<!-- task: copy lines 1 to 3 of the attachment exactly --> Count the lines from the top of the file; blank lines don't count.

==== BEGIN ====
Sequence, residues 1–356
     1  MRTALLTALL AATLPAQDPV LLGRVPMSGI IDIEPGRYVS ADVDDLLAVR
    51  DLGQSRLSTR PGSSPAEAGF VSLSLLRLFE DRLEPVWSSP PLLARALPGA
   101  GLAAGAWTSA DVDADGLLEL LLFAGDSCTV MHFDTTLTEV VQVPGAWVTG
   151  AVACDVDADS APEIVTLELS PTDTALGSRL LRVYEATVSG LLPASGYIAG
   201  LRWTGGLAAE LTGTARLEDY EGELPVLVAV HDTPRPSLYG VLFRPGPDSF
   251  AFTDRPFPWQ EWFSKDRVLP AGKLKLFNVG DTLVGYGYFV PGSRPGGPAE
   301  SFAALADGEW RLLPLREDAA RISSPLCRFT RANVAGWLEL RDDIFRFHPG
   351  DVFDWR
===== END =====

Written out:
Sequence, residues 1–356
     1  MRTALLTALL AATLPAQDPV LLGRVPMSGI IDIEPGRYVS ADVDDLLAVR
    51  DLGQSRLSTR PGSSPAEAGF VSLSLLRLFE DRLEPVWSSP PLLARALPGA